‘The Expanse’ 1.04 Recap: “I Didn’t Think We Could Lose”

Forget going out to the movie theater. If you want to see wars in the stars, you should be watching ‘The Expanse’. Holy hot damn, the show’s fourth episode ramps up the action and excitement in a big way – and fast!

Honestly, I didn’t expect (and don’t expect going forward) this to be an action show at all. The first three episodes were a bit of a slow burn in establishing the very complex narrative. Episode ‘CQB’ (that stands for “Close Quarters Combat”) hits like a sneak attack before you’re ready for anything like it.

On board the Martian Navy warship Donnager, Capt. Yao insists that Mars had nothing to do with the destruction of the Canterbury. She wants Holden to issue a retraction to his previous broadcast. He doesn’t trust her and refuses.

While they talk, the Donnager is being tailed by an unidentified mystery vessel that Yao assumed was from the OPA coming to rescue Naomi. In fact, the object turns out to be a cluster of six smaller ships that split apart and attack the Donnager with missiles. Yao is unconcerned at first and assumes that her ship’s formidable defensive and offensive capabilities will have little trouble mopping up the attackers. The Donnager launches a barrage of its own torpedoes in return.

The early parts of the battle consist of a lot of standing around and waiting for the weapons to travel the immense distances between ships. This is more fascinating and suspenseful than it sounds. Eventually, the attacking ships evade the torpedoes and move in to engage the Donnager in close combat. They prove to be far more dangerous than they’d looked. As soon as a clear scan comes in, Holden recognizes one of the ships as the vessel that destroyed the Canterbury.

As the battle rages on, the other members of the Canterbury crew sit in a holding cell, growing increasingly concerned as alarms go off and the ship is rocked by missiles and railgun blasts. At one point, the ship’s main drive goes out, which causes it to lose gravity inside. Alex, the pilot, has a panic attack. (Even though he had been a naval officer, he was just a transport pilot and had never seen real combat.) Garvey, the medic, tries to talk him down and tosses him a sedative. Before it reaches Alex’s hand, however, a projectile punches through the room from one end to the other, exposing it to the void. Garvey’s head is blown clean off by the blast. Blood squirting up from his neck is sucked straight out by the vacuum.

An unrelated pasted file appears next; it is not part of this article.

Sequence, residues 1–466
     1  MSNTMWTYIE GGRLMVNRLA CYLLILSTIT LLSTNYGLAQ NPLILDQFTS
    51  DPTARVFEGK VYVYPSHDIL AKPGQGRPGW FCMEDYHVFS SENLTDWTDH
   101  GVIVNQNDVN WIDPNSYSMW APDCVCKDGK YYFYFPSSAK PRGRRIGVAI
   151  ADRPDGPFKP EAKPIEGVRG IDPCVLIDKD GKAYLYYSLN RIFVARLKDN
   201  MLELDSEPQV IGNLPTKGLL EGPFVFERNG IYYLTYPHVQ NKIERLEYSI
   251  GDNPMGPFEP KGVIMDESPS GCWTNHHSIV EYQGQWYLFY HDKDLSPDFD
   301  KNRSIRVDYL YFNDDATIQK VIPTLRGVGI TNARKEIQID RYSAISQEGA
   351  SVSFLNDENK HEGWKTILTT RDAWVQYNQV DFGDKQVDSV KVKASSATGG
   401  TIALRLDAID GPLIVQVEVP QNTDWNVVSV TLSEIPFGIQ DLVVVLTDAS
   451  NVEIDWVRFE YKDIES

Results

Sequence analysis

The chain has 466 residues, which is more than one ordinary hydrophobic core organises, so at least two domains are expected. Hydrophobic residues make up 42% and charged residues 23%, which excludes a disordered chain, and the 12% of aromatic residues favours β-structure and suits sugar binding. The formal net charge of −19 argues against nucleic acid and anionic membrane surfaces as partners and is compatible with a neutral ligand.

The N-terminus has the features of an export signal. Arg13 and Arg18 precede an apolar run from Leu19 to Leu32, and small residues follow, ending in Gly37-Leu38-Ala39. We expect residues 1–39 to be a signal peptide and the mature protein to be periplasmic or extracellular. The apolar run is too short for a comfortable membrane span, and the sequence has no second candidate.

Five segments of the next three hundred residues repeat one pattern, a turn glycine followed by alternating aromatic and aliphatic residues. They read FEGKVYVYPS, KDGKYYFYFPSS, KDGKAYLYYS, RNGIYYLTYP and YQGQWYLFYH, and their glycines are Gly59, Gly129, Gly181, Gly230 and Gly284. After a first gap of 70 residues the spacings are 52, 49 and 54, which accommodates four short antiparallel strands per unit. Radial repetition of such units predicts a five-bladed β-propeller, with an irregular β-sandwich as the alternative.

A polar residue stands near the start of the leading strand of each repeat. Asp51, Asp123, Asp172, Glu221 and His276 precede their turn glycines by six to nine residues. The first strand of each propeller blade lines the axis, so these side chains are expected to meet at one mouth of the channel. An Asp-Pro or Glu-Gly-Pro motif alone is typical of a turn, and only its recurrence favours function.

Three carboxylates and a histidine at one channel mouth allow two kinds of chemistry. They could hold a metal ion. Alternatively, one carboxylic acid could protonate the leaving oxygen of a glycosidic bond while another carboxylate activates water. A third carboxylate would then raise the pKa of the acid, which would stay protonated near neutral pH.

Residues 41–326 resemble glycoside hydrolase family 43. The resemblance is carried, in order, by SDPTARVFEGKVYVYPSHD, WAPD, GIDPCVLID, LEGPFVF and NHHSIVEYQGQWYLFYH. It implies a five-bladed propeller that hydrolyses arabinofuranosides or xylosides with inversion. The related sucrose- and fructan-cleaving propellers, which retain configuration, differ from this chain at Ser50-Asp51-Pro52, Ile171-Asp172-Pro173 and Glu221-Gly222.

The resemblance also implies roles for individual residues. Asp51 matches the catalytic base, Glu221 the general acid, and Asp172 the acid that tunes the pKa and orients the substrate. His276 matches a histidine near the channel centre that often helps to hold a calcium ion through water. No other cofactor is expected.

Naomi and Amos work fast to seal the two breaches. This keeps them alive, but they estimate that they only have about twenty minutes of air, and they have no way of contacting anyone else on the ship for help. Naomi finds one tranquilizer dose in a med kit, and convinces Alex to take it, in order to knock him out and slow his breathing to preserve a little air for them all.

The ship’s drive comes back online and gravity is restored. Unfortunately, the mystery attackers still manage to latch onto the Donnager and get inside with a boarding party. Realizing that she’s lost, Yao orders Lt. Lopez to take Holden to a shuttlecraft and get him off the ship as soon as possible. His testimony will be crucial in convincing the solar system that Mars was not the aggressor in this war. Holden insists that they go for his crew and save them too, but Lopez isn’t having any of that.

In one of the ship’s hallways, Lopez and his squad of soldiers encounter invaders and have a firefight. Holden runs and hides. It’s a messy skirmish. Lopez wins, but most of his men are taken out. One enemy combatant is wounded but still alive. Lopez tries to question him, but the man gladly dies for his cause. This time, Holden demands that they save the Canterbury crew or he won’t go to the shuttle.

Capt. Yao declares “Condition Zero” and prepares to scuttle the ship, but holds out until the shuttlecraft can get away.